Baltimore, MD-10/24/16 -- A CSX train carrying Governor Larry Hogan, pictured, and other officials passes through the old Howard Tunnel at the Mt. Royal Station, en route to Seagirt Marine Terminal. Maryland hopes to receive funding to raise the height of this tunnel and nine bridges by two feet so that double-stacked containers can travel on this CSX rail corridor. This will make the Baltimore port more competitive and open up intermodal transport to the midwest. The projected cost for the project is $425 million, and will take four to five years to complete. The 1.7 mile, single-tracked Howard tunnel, built by the B&O Railroad, dates back to 1890 - 1895. Amy Davis/ Baltimore Sun Staff Photographer - #2686
Baltimore, MD-10/24/16 -- A CSX train carrying Governor Larry Hogan, pictured, and other officials passes through the old Howard Tunnel at the Mt. Royal Station, en route to Seagirt Marine Terminal. Maryland hopes to receive funding to raise the height of this tunnel and nine bridges by two feet so that double-stacked containers can travel on this CSX rail corridor. This will make the Baltimore port more competitive and open up intermodal transport to the midwest. The projected cost for the project is $425 million, and will take four to five years to complete. The 1.7 mile, single-tracked Howard tunnel, built by the B&O Railroad, dates back to 1890 - 1895. Amy Davis/ Baltimore Sun Staff Photographer - #2686 (Amy Davis / Baltimore Sun)

Maryland should take advantage of President-elect Donald Trump's interest in infrastructure and push projects that can boost the state's economy, including renovating the Howard Street Tunnel in Baltimore, said Anirban Basu, an economist and CEO of Sage Policy Group.

Structural limitations of the tunnel, which was built in the 1890s and cannot accommodate freight trains with shipping containers efficiently stacked two high, have prevented the port of Baltimore, and Maryland, from reaching their full potential in global logistics, Basu said.

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"It could position Baltimore to be the intermodal player it could be and should be," he said.

Basu's comments followed a panel discussion with economists and bankers at the Maryland Bankers Association's annual economic outlook forum, held Friday at the Baltimore Marriott Waterfront.

Economists expressed a positive outlook for the U.S. economy based on expectations that Trump and a Republican-led Congress will prioritize tax reform and other pro-business legislation.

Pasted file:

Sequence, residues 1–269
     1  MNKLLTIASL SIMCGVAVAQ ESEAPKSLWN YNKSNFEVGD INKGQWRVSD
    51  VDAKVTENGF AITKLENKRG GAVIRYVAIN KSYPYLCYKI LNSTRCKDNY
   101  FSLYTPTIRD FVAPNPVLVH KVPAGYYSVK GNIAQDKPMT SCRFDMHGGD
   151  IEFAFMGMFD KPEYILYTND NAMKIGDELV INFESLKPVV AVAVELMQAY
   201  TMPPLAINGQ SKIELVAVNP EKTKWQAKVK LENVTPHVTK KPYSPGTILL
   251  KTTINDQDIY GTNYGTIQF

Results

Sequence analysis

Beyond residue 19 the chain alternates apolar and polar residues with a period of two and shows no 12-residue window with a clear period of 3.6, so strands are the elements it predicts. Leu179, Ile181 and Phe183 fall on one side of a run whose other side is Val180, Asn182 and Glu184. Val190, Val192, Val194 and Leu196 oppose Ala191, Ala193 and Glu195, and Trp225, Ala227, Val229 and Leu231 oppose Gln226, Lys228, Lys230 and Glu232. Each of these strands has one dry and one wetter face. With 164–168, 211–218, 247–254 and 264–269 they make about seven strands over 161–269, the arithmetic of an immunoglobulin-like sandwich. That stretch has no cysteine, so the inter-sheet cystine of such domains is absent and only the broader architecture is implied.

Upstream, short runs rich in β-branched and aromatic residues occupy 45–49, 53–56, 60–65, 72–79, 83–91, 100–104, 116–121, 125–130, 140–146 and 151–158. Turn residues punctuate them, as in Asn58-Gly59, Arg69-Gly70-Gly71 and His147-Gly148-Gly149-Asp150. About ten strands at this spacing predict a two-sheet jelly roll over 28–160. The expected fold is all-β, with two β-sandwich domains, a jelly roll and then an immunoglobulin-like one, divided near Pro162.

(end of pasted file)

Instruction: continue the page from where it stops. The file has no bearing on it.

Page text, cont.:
"We're not taking the assumption that absolutely everything that has been proposed will pass," said Luke Tilley, chief economist at Wilmington Trust, a subsidiary of M&T Bank. "But even with some very watered-down versions of individual income tax, corporate taxes, cutbacks on regulations and some repatriation, we've raised our forecast to 3.5 percent [growth in gross domestic product]."

Jeffrey M. Lacker, the president of Federal Reserve Bank of Richmond, who was expected to speak at the event but was unable to attend because of a family emergency, is forecasting more modest GDP growth of 2 percent in 2017 on the possibility of fiscal policy reform. He expects growth rates to revert to a long-term trend of 1.75 percent in subsequent years, said Kartik Athreya, the executive vice president and director of research at the Federal Reserve Bank of Richmond, who presented Lacker's remarks.

"That said, the real outlook is somewhat more uncertain," Athreya said on Lacker's behalf.

Possible changes in fiscal, regulatory and economic policy could alter that forecast, he added.

Meanwhile, Trump's promise to increase infrastructure spending is an opportunity for Maryland to break free of its middle-of-the-pack economic and job growth, Basu said.

"In an economy that is increasingly about ideas and intellectual capital, you'd expect Maryland to be at the vanguard of job growth, not sitting in the middle," Basu said, "but that's where we are."

A project like the Howard Street Tunnel could set up Baltimore and Maryland for a larger, global role in trade, and create thousands of jobs in the long run, he said.

Gov. Larry Hogan announced in December that Maryland had reapplied for a $155 million federal grant to help expand the tunnel, which is owned by the Jacksonville, Fla.-based railroad CSX.

Basu warned against prioritizing projects because they are shovel-ready. Rather, he said, state leaders must think carefully about what projects could have the greatest impact on long-term economic growth and job creation. He thinks Trump will favor projects with lasting power over those that are simply ready to go.

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